A whole chapter is devoted to human impact on marine organisms; this includes the release of thermal, oil, domestic waste, heavy metal, radioactive material, and solid waste pollution. The impact of aquaculture, wild harvest, overfishing, introduction of exotic species, the release of carbon dioxide and loss of ozone in the atmosphere round out this chapter. There is some material on the legal and international affairs in managing and restoring the marine environment. This topic is, however, also infused in virtually all of the other chapters.
A chapter on macroalgae is very dense reading. The life histories of several dominant species are described with heavy reliance on botanical terminology that is not necessarily in the vocabulary of a typical undergraduate student. This chapter desperately needs the support a glossary would give. One word that surprisingly is almost absent from this book is pelagic, and yet it describes so well the Sargasso Sea inhabitants. These observations on the presentation of macroalgae can also be applied to the chapter on microalgae (including plankton). There is much to learn here for a student lacking experience in phycology, making reading difficult for typical juniors. One reiterated error places the pellicle of Euglenophytes outside the cell, but ultrastructural evidence places it inside the cell membrane.
The chapter on macroalgal communities is a reasonably good presentation but I would have liked a bit more on reef communities. Fortunately this is covered in sufficient depth in a free-standing chapter later in the text.
The chapter on salt marshes is excellent, particularly in describing the role of salinity in that environment. The various adaptive strategies to coping with salinity stress are described quite well. Many people are surprised to learn how much diversity can be found in what looks superficially like "grassy wasteland." I wish the author had put more in his section on anthropogenic considerations. We have decimated salt marshes worldwide and only now are realizing their importance to the offshore communities and the terrestrial communities bordering the salt marsh.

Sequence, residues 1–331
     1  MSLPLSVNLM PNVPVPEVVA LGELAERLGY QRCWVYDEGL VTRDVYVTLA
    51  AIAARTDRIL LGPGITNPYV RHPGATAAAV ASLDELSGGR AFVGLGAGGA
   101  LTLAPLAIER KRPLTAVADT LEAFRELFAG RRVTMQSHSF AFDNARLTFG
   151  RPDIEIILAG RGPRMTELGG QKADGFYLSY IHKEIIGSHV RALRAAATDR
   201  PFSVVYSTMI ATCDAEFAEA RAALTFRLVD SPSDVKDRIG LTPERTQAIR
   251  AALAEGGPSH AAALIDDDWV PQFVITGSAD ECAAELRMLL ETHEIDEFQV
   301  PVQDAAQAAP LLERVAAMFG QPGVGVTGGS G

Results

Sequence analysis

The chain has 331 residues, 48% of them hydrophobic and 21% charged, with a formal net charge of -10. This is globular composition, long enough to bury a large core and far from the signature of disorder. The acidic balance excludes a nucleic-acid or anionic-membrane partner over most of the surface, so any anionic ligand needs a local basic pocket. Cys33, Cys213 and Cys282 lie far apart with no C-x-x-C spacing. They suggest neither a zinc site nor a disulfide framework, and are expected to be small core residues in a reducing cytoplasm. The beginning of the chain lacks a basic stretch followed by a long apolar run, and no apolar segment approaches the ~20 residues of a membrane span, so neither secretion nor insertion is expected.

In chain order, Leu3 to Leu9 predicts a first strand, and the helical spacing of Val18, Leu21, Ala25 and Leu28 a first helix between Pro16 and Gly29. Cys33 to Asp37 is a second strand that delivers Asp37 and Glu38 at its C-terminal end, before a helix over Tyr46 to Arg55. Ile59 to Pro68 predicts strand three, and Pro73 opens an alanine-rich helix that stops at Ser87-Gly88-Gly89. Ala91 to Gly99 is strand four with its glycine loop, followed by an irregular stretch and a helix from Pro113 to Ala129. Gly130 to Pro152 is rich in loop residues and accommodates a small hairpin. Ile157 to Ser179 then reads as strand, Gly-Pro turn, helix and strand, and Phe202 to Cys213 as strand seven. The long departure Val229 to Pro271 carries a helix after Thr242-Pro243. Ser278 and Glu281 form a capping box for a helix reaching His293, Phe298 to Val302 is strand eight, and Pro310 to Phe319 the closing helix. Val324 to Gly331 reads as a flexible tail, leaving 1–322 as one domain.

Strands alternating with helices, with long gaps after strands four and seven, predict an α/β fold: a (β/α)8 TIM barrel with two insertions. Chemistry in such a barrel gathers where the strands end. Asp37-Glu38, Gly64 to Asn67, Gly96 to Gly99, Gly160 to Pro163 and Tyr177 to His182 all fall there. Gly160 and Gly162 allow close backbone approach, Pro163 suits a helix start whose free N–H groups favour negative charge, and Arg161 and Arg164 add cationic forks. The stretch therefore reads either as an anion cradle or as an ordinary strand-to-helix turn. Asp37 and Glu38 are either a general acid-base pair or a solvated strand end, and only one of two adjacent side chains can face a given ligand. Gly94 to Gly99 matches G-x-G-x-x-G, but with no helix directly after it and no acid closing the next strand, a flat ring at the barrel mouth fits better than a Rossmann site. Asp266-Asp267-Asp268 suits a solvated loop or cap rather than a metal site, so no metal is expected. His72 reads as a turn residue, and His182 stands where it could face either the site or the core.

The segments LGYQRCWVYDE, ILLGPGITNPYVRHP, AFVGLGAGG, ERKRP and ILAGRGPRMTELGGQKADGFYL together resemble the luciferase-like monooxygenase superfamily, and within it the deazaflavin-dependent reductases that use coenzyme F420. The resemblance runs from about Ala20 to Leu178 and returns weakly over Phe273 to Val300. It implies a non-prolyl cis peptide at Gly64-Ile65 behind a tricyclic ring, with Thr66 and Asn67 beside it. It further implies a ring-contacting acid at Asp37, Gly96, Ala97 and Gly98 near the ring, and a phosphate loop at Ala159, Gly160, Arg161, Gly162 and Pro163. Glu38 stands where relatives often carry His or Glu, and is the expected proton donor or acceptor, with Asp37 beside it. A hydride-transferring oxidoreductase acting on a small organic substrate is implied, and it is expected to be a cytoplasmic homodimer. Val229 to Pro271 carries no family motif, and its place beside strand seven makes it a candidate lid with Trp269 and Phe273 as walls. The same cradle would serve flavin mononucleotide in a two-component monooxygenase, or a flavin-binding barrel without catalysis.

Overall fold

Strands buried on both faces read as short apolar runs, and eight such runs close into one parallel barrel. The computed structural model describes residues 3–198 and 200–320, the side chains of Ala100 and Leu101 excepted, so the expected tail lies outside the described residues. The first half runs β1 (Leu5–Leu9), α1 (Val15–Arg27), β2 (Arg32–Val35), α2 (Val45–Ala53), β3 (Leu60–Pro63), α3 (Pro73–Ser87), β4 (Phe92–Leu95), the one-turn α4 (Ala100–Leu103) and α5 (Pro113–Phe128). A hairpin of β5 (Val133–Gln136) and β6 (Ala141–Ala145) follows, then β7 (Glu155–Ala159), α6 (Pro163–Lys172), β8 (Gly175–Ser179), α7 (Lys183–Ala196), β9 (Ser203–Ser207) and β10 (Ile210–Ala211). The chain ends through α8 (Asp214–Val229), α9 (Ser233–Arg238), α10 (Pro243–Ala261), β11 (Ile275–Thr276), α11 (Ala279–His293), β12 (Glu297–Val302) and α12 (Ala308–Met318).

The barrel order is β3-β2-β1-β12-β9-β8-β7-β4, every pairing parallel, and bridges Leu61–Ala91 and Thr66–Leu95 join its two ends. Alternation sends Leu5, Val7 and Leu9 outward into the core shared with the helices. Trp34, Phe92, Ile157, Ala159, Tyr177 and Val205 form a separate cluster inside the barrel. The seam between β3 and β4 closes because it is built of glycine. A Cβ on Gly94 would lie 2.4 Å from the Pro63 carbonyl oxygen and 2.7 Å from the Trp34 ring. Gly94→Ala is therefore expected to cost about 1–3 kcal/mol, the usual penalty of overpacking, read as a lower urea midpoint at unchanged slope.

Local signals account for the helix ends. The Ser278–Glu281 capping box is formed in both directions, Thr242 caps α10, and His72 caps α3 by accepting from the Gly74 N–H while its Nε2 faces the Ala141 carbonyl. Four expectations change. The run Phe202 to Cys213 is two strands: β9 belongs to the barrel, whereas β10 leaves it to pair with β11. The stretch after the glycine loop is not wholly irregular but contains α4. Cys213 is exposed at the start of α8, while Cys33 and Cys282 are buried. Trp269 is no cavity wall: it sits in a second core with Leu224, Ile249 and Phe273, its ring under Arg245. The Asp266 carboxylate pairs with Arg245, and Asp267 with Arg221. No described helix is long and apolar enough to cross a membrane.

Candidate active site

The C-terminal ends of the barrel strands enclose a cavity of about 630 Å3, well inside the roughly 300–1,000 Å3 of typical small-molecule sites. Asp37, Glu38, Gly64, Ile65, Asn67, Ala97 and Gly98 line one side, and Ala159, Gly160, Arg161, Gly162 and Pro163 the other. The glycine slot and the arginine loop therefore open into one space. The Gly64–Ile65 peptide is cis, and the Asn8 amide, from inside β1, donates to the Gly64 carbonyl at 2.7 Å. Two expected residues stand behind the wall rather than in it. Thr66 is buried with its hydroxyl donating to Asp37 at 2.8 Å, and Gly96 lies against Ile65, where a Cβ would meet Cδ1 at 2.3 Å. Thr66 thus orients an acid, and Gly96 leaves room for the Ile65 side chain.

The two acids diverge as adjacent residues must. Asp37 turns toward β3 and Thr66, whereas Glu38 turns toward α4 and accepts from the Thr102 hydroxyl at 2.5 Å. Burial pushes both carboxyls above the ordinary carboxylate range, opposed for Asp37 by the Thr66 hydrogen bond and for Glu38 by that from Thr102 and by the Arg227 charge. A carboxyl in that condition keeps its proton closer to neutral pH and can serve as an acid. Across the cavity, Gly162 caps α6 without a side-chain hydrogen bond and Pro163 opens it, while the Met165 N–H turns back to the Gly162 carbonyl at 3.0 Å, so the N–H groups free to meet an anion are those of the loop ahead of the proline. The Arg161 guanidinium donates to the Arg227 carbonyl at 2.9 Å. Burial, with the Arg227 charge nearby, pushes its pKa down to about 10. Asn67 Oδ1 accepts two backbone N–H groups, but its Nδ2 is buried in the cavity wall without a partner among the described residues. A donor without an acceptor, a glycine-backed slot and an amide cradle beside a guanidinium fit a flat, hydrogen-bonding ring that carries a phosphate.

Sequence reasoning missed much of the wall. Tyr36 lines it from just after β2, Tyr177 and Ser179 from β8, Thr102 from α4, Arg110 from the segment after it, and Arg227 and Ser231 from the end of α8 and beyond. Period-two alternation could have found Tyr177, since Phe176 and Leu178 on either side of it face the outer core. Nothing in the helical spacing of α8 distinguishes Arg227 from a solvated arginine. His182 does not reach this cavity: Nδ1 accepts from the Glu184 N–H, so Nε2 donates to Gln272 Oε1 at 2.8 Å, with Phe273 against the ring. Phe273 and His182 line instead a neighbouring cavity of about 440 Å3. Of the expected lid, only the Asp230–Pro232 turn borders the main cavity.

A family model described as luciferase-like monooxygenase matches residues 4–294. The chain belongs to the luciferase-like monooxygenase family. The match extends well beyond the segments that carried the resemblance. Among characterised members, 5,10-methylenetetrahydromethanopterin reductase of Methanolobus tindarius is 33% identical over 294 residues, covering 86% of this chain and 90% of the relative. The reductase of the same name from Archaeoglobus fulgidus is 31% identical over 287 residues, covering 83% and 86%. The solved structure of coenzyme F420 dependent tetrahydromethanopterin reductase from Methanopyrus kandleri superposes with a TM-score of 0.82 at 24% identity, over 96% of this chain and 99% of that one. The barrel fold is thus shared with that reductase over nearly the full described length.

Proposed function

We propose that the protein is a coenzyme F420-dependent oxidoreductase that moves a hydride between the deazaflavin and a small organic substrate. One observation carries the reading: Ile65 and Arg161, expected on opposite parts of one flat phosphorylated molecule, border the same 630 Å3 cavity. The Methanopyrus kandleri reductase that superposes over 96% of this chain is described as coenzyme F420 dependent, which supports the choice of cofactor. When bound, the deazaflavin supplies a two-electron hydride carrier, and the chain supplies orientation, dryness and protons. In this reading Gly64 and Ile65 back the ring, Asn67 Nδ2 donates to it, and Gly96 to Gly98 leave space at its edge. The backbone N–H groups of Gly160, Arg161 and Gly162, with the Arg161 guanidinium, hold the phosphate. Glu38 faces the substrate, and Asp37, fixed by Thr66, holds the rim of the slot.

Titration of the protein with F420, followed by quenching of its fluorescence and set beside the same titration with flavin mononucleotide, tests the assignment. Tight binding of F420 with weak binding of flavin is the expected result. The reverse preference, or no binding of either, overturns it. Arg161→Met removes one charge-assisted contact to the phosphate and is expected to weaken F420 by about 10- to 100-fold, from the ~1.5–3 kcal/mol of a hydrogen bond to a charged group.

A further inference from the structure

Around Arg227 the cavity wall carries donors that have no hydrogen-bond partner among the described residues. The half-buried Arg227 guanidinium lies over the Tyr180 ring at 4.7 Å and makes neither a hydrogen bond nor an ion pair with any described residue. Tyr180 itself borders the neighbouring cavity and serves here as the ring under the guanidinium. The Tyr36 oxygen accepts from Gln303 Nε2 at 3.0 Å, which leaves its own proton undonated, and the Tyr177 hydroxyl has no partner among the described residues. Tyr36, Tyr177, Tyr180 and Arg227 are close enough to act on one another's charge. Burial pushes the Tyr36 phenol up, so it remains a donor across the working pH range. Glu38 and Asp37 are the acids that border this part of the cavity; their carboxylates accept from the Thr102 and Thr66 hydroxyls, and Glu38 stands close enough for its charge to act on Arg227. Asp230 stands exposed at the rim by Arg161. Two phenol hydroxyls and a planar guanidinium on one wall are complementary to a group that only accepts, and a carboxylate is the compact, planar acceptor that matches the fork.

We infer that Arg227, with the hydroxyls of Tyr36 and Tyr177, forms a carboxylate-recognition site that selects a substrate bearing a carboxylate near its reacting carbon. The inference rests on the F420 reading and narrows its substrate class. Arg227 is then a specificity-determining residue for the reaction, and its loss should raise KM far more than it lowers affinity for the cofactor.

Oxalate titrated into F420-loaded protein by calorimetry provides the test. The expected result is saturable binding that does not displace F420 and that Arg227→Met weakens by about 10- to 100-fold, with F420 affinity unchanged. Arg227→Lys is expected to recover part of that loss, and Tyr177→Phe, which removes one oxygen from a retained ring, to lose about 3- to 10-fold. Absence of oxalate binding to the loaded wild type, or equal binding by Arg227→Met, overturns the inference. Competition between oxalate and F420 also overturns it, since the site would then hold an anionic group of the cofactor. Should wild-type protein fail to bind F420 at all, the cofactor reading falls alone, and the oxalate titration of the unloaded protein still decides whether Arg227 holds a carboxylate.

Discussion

The chapter on mangroves is a good distillation of what is found in Barry Tomlinson's monograph. It provides excellent coverage of the ecophysiology of the ecosystem with dynamic models. The author does more than explain the model; he shows its value in discovering the connection to the evolution of salt marsh species in response to the selective pressures of hurricane cycles. The author also digs nicely into the controversy of a mangrove forest as a secondary sere or as a climax entity - the author points out that sea level changes destroy mangroves quite regularly, yet mangroves have remained a stable fixture through the quaternary! This observation is a critical one that deserves more consideration. Most marine ecosystems are sensitive to sea level changes and there are strong shifts in sea level with time, yet these ecosystems are ancient! So it must mean that they are mobile and dynamic as well as climactic, challenging our concepts.